...did I happen to mention that two of my favorite people in the whole world happen to be moving to my town this week? Welcome to Hamel, Dave and Jo DeVries!!! That's my mom and dad (in-law, but they just seem like my mom and dad) and we are EXCITED! What day should we play Liverpool???

23 September 2006

This Afternoon

This afternoon I spent several hours transfixed by the new images in St. Paul's. The Good Shepherd is a very subtle painting. When you look closely at the face of our Lord is both very loving and tender, and unspeakably sad. After all, think of the rest of the words: "I am the Good Shepherd; the Good Shepherd lays down His life for the sheep." He holds that lamb in His arms, and He loves it so much, but for love of that lamb His arms will be stretched out and nailed to the cross. He loves that lamb and all his sheep, and so for them He faces down the Wolf, Death, and lets it devour Him that He might destroy it for them forever. "I know my sheep and my sheep know me and I give them eternal life and they shall never perish..."

Similarly, in the picture of our Lord knocking at the door. The grape-vine, dripping in grapes, frames the door. An Easter lily blooms at our Lord's feet. "Behold, I stand at the door and knock" - but it is the look on our Lord's face that gives the rest of the verse, unspoken: "if anyone hears my voice and opens the door, I will come and dine with him and he with Me." His expression shows on what we will be dining: His very Body and Blood, yielded up on the cross, in order to be our life. Sadness, yearning, love. They shine from His eyes as He looks toward us.

This evening at our Saturday Eucharist we blessed these pieces of Sacred Art. The words that begin that rite are worth repeating: "Beloved in the Lord, in His great love for us the eternal God has taken on human flesh and joined Himself to His own creation. Heaven and earth are now filled with His glory as He uses the things of this world to bring us His blessing. 'He has made everything beautiful in its time' so that we may behold the beauty of the Lord and inquire in His holy temple." The prayer that sets them apart asks in part: "Bless and sanctify these murals, which are offered in honor of Your only-begotten Son, our Lord Jesus Christ. Grant that all who behold them may, by Your grace, be strengthened in the true faith and worship You with a steadfast heart." (Lutheran Service Book Agenda, page 306)

Glory to our Good Shepherd! Glory to Him who knocks upon our door that we might eat with Him and He with us! Glory to our Incarnate Lord forever and ever!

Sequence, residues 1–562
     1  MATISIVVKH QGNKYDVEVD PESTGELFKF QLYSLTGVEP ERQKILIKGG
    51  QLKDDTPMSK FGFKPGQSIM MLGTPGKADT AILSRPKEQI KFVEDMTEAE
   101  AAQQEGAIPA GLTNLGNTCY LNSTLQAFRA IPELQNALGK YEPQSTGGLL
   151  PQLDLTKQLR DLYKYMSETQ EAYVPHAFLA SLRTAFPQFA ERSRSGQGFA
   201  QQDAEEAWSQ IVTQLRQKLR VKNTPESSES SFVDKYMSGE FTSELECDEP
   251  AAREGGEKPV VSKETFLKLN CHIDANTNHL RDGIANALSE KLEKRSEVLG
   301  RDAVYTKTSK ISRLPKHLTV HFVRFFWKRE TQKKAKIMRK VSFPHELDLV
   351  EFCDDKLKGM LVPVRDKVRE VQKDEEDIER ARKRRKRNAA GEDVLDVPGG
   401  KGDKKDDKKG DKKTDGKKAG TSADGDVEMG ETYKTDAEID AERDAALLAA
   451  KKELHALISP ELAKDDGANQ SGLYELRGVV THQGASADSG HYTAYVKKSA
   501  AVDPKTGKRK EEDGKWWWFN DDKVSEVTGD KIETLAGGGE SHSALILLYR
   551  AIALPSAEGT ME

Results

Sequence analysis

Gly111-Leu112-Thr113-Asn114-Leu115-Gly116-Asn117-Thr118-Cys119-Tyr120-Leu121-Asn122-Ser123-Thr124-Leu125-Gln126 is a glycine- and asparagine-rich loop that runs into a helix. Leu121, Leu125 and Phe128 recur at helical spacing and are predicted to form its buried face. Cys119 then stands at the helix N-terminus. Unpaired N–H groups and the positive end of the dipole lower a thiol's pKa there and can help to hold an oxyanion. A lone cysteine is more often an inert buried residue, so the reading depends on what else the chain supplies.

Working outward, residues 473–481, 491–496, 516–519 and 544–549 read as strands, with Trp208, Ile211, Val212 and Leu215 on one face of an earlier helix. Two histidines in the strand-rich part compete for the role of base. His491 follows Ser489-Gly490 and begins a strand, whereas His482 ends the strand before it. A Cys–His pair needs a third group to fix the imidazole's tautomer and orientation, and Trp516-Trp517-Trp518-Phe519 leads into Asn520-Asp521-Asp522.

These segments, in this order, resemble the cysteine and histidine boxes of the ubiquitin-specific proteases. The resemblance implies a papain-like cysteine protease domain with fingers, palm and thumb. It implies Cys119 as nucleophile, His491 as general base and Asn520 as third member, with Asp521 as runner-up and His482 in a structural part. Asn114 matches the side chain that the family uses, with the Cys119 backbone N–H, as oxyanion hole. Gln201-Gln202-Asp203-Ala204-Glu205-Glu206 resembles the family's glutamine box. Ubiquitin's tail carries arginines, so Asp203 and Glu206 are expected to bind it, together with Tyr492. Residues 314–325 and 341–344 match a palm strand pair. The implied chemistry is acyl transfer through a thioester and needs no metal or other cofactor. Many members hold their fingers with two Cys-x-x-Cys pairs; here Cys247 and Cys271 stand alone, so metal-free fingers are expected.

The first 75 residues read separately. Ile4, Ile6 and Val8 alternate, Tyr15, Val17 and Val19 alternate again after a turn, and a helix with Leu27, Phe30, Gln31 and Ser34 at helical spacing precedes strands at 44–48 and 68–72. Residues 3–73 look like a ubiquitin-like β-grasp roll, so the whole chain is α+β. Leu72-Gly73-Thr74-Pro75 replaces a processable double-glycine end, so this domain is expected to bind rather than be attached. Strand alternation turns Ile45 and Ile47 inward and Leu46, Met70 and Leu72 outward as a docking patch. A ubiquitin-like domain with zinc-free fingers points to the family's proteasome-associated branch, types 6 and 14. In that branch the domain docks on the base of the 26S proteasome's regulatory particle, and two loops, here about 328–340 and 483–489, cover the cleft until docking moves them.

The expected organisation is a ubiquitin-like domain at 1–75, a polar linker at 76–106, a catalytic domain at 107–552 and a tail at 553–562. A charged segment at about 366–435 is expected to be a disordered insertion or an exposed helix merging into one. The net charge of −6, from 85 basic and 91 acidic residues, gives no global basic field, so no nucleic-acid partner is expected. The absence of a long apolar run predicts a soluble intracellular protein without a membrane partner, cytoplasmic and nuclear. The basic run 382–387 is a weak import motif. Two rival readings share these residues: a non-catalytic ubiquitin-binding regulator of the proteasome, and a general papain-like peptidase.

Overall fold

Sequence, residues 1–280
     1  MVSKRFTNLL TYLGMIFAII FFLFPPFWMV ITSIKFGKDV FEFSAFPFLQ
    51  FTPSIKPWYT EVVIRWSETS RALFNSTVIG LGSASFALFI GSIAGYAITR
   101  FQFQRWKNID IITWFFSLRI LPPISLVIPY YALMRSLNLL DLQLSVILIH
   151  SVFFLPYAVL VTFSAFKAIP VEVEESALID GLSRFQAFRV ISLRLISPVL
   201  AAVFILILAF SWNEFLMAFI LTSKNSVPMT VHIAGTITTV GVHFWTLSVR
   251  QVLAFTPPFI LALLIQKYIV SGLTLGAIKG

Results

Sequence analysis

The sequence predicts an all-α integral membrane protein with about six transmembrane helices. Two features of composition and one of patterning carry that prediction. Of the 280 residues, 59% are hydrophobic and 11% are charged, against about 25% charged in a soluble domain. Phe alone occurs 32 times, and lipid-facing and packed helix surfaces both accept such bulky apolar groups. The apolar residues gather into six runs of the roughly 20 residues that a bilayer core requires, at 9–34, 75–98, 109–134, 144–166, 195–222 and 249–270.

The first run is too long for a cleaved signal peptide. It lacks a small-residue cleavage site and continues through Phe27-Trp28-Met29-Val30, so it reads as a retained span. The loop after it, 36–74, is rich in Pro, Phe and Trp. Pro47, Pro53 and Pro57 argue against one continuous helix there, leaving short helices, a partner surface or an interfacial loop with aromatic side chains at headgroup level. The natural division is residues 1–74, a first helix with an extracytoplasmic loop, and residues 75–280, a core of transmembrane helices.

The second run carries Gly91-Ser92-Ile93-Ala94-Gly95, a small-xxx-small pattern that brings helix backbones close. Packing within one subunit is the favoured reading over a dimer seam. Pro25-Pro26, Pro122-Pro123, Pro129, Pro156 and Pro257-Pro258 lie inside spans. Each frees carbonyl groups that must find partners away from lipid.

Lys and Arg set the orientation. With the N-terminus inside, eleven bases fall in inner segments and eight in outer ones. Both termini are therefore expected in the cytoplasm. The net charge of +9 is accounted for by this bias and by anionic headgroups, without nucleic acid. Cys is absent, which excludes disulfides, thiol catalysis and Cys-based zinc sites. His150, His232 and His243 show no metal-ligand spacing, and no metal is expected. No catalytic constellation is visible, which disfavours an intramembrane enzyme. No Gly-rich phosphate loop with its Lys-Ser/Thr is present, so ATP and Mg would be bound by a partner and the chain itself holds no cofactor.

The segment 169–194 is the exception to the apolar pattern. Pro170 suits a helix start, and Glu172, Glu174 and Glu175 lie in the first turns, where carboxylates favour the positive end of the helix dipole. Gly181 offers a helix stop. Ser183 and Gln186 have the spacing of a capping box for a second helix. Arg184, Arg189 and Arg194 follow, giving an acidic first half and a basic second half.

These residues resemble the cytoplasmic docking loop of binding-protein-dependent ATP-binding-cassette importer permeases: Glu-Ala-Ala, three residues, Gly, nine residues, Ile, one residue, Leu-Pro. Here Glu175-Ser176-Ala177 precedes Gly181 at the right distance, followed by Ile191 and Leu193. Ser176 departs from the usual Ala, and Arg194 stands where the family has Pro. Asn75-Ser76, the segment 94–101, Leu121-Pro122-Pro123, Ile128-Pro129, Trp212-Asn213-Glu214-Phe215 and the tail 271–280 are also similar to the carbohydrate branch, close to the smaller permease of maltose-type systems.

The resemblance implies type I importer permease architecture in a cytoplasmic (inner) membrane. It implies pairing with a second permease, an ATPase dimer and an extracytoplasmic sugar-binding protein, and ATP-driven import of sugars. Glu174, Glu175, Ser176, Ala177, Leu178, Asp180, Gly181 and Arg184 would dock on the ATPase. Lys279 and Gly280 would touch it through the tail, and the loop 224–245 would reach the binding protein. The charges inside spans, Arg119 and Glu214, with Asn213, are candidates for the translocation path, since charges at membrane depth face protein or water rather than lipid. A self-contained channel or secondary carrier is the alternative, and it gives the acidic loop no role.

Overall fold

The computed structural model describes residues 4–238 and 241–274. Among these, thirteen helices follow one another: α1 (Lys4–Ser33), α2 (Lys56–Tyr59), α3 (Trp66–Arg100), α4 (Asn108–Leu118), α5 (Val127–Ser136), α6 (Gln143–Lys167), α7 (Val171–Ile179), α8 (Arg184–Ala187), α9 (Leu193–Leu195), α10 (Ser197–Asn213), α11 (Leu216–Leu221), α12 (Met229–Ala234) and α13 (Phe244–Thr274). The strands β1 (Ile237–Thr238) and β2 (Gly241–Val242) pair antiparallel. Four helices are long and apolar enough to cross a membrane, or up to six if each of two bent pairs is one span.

22 September 2006

A couple more...

Some pics of the murals...

...that now adorn St. Paul's walls:

Patristic Quote for the Day

"And truly, before God death is sleep; for God raises the dead to life more quickly than someone who is sleeping may be roused from sleep by someone else, and God restores life-giving warmth to bodily members cold in death sooner than a human being can invigorate bodies buried in sleep." - St. Peter Chrysologus, *Homily 34* par. 5

21 September 2006

When Was It Said, And By Whom?

"Why does your teacher eat with tax collectors and sinners?" And who is the sinner, except the one who denies that he is a sinner? In fact he himself is the greater sinner and, to put it more accurately, he himself is even sin, who does not even understand that he is a sinner. And who is unrighteous except the one who judges himself righteous? You have read, Pharisee: "that not any living person will be righteous in your sight." As long as we are in a mortal body, and frailty dominates us, even if we overcome sinful actions, we are unable to overcome and escape thoughts that are sinful and unrighteous. Even if we are able to avoid bodily evil, and if we can conquer any evil deliberations, how can we abolish faults of negligence and sins of ignorance?

Pharisee, admit your sin, so that you might be able to come to the table of Christ; so that you might have Christ as your Bread, and he the Bread might be broken in forgiveness for your sin; so that Christ might become your Cup to be poured out in remission of your offenses. Pharisee, eat with sinners so that you can eat with Christ. Acknowledge that you are a sinner, so that Christ might eat with you. Enter with sinners into the feast of your Lord, so that you can be a sinner no more. Enter the house of mercy with the forgiveness of Christ, so that with your kind of righteousness, you may not be shut out in punishment from the house of mercy. Acknowledge Christ, listen to Christ, listen to your Lord, listen to the heavenly Physician silencing your slander once and for all: "The healthy do not need a doctor, but the ill do." If you want a cure, acknowledge your illness. "I have not come to call the righteous, but sinners." If you desire mercy, admit your sin.

"Go," he says, "and learn what this means: 'I desire mercy and not sacrifice." Christ desires mercy and not sacrifice. For what sacrifice will he seek who, in order to seek you out, became a sacrifice himself? "I have not come to call the righteous, but sinners." It is not that he has rejected the righteous, but rather that no one on earth is considered innocent without Christ.

"I have not come to call the righteous, but sinners." By saying this, Christ has not rejected the righteous, but rather he has revealed that all are sinners. Listen to the Psalmist: "The Lord has looked down from heaven to earth upon the sons of human beings, in order to see if there is anyone intelligent or seeking God. All have turned away, all together have become good for nothing; there is no one who does good, not even one." Brothers, let us be sinners by our own admission, so that with Christ's forgiveness we may be sinners no more.

It Happened At St. Paul's

[What follows was written by one of our members whom I buried last year - Albert Brandt. It's the story of his remembrances of the school and parish life from the early 20th century. The german song he remembers from his confirmation my wife sang at his funeral. Spellings are all Albert's, by the way.]